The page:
For his part, the president of the National Federation of Hog Farmers Inc., Chester Tan, said that the knowledge gained from the project “can be passed on to our Asian neighbors to better equip farmers in their fight against ASF”.

Through the USDA-funded Building Safe Agricultural Food Enterprises (B-SAFE) project, the United States is currently assisting Filipino hog farmers in their restocking efforts by strengthening biosecurity measures at the farm level.

So far, the farm gate price for pork has already come down, said Under Secretary of Consumer Affairs and Agriculture Department spokeswoman Kristine Evangelista.

“With this, we can expect retail prices to come down, especially as our industry partners – traders and retailers – engaged on the issue at our consultation meeting,” said she declared.

As a result, prevailing retail prices per kilogram as of August 12 were 330 pesos for pork ham (kasim) and 340 pesos for pork liempo.

Due to the limited supply caused by African swine fever, kasim prices reached 400 pesos per kilogram while pork lempo even climbed to 450 pesos per kilogram.

Despite efforts to control African swine fever and restocking of pigs, the National Economic Development Authority (NEDA) still expects a supply shortfall in pork, among other things, which is expected to affect inflation for the rest of the year.

He said the pork supply shortfall is estimated at 65,800 metric tons (MT).

Meanwhile, the DA has projected a supply shortfall of about 120,000 metric tons of pork for this year.

Tambago agreed with the numbers, noting that there was still a shortage of pork across the country.

In addition to the spread of African swine fever, the local pig sector is suffering from continuously rising input costs and low producer confidence to increase production.

To help meet the high cost of production, the government should support the maize sector, which is a major source of feed for the pig industry, through subsidies, mechanization and post-harvest facilities. harvest.

“Why won’t the government support or subsidize the maize sector. We already have a big market here in the country. There is huge demand for maize not only from pigs but also from poultry and aquaculture sectors,” Tambago said.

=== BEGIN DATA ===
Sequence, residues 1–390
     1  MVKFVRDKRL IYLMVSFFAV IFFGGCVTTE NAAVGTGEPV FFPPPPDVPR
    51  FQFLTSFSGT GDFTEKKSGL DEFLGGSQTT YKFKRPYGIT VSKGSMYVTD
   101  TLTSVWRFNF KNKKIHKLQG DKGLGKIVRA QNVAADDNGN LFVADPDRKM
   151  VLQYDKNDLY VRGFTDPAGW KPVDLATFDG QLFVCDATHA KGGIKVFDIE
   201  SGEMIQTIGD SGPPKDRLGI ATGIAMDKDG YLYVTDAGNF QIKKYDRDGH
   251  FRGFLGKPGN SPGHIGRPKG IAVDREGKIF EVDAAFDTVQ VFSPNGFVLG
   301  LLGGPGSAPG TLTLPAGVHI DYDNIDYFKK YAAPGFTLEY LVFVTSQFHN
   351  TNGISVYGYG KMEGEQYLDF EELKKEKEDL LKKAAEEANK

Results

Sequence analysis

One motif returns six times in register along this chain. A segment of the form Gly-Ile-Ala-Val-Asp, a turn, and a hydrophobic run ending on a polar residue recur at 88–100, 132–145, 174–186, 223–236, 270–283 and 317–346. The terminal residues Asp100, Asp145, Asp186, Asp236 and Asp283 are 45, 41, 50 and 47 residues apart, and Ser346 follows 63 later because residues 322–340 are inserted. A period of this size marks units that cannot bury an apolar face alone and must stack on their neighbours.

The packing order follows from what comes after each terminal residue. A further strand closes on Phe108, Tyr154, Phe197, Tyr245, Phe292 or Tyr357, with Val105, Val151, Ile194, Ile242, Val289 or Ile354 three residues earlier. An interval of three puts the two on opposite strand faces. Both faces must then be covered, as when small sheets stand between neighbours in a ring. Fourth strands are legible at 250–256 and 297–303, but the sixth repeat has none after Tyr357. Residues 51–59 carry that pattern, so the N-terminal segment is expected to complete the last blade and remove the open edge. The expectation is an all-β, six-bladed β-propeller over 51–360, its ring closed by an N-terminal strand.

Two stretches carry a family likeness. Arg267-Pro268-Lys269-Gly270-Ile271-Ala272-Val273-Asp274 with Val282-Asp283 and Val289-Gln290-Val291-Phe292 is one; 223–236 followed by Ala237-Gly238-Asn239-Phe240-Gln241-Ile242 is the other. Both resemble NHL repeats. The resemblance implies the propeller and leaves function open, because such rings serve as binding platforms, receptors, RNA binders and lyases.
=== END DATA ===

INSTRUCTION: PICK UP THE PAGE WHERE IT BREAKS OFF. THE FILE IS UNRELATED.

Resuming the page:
If the corn industry recovers, the cost of production will decrease and lead to a lower cost of producing pork.

Meanwhile, pork producer confidence has plummeted due to the deluge of imports and lower tariffs.

In May last year, then-President Rodrigo Duterte issued Executive Order (EO) 133, which increased the Minimum Access Volume (MAC) for pork to 254,210 metric tons. for 2021 from 54,210 MT, as one of the measures to increase local pork supply and stabilize market prices.

Duterte also signed EO 134, which provides that pork imports under the quota or those falling under the MAV will be imposed a 10% tariff for three months, then 15% for the remaining months. This is less than the initial rate of 30%.

Over-quota pork imports are subject to a 20% customs duty for the first three months, which is increased to 25% for the remaining months. This is less than the initial rate of 40%.

Earlier this year, Duterte signed EO 171, which extended the 15% in-quota and 25% out-of-quota tariff rates for pork through Dec. 31.

To increase the confidence of pork producers, the import policy should be changed and done only when necessary.

“The pork industry doesn’t really need subsidies. What we need are policies that make the environment more favorable for us to produce. If we rely on the government to increase production, nothing will happen. The pork industry is a private industry. Private industry is ready to invest if the policies are long-term and supportive,” Tambago said.

As the “ber” months approach, the local pork industry is working twice as hard to meet demand, as pork is a major ingredient in Philippine Christmas and New Year celebrations.

“We are really trying to increase our volume, especially in the still negative ASF areas,” Tambago said.